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Hobbit Relatives Discovered in Indonesia

Reconstruction of Homo floresiensis by Atelier Elisabeth Daynes | Photo by Kinez Riza

Hobbits may be more than just fictional characters after all, as new fossil discoveries suggest the existence of pre-humans living on an Indonesian island 700,000 years ago.

On Wednesday, an international team of archaeologists reported findings of six isolated teeth and a jaw fragment on the island of Flores, East Nusa Tenggara, which came after a ten-year quest for further evidence that the ‘hobbit’ did truly exist.

Known as Homo floresiensis, the hobbits’ existence was first discovered in 2003 as a primitive and famously tiny pre-human aged between 60,000 to 100,000 years. Since then, researchers have made attempts to discover more evidence, which finally came to fruition ten years later.

 

Hominin fossil tooth | Photo Courtesy of Kinez Riza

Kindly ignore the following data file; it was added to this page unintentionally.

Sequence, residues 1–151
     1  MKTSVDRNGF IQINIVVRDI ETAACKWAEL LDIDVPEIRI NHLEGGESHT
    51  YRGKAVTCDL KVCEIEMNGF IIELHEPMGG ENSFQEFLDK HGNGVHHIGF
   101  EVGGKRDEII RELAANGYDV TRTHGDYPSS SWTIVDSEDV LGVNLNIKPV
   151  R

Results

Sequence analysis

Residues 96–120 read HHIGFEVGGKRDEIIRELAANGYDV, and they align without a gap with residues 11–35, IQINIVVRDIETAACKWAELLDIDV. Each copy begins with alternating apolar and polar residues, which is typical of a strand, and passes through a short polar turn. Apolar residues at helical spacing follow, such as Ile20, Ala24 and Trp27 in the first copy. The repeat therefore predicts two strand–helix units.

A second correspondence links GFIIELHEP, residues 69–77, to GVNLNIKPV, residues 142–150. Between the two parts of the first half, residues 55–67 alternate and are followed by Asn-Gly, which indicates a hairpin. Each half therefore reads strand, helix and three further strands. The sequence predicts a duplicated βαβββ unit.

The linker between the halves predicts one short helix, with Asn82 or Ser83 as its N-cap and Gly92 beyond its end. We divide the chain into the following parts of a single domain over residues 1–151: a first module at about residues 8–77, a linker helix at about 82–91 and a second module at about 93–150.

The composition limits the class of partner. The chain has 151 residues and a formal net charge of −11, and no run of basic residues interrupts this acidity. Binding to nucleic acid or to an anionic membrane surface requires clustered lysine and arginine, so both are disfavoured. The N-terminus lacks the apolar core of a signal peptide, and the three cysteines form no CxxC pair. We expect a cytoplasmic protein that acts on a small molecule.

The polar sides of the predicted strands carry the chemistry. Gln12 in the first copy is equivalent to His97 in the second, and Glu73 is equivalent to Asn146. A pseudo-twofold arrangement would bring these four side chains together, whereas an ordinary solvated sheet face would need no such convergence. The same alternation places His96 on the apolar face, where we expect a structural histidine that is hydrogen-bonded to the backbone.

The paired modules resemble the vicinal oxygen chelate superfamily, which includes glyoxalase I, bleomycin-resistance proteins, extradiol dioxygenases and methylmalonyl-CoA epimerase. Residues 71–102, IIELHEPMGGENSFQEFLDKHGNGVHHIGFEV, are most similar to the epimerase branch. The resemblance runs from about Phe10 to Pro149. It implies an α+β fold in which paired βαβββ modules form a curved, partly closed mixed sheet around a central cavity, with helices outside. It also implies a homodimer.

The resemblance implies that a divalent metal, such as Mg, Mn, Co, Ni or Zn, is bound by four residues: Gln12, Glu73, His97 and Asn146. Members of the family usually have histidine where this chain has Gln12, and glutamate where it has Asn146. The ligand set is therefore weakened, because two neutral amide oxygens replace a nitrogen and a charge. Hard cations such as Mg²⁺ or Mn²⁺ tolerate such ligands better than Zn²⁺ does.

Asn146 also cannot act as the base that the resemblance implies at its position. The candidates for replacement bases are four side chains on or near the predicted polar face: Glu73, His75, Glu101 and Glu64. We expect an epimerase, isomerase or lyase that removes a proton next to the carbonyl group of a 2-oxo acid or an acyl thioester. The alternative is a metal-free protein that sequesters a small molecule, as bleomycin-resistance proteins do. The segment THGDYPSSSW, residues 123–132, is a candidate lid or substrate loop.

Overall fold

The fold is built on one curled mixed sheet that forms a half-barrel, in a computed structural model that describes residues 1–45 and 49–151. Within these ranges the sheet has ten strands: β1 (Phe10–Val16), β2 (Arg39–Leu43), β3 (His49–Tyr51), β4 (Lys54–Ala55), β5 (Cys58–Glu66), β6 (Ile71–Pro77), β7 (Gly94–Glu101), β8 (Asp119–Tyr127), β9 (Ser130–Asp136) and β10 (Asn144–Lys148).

Hominin fossil tooth | Photo Courtesy of Kinez Riza

 

Astounded by the discoveries made, palaeontologist Gerrit van den Bergh, from the University of Wollongong in Australia, revealed what these teeth and jaw indicate:

“What is truly unexpected is that the size of the finds indicates that Homo floresiensis had already obtained its small size by at least 700,000 years ago,” Van den Bergh said as reported by NBC News. 

The report disclosed that the fossils came from at least one adult and two children, the first possible ancestors of Homo floresiensis to be excavated after the original remains were found over a decade ago.

The new fossils were excavated in 2014 in Mata Menge, a site 74 kilometres from the cave where the first hobbit remains were located.

Meanwhile, van den Bergh’s colleagues have discovered stone tools in Sulawesi, north of Flores, indicating that the prospect of the discovery of more hobbits isn’t so far fetched.

Read the full report here, released in two separate papers by the Nature journal.

 

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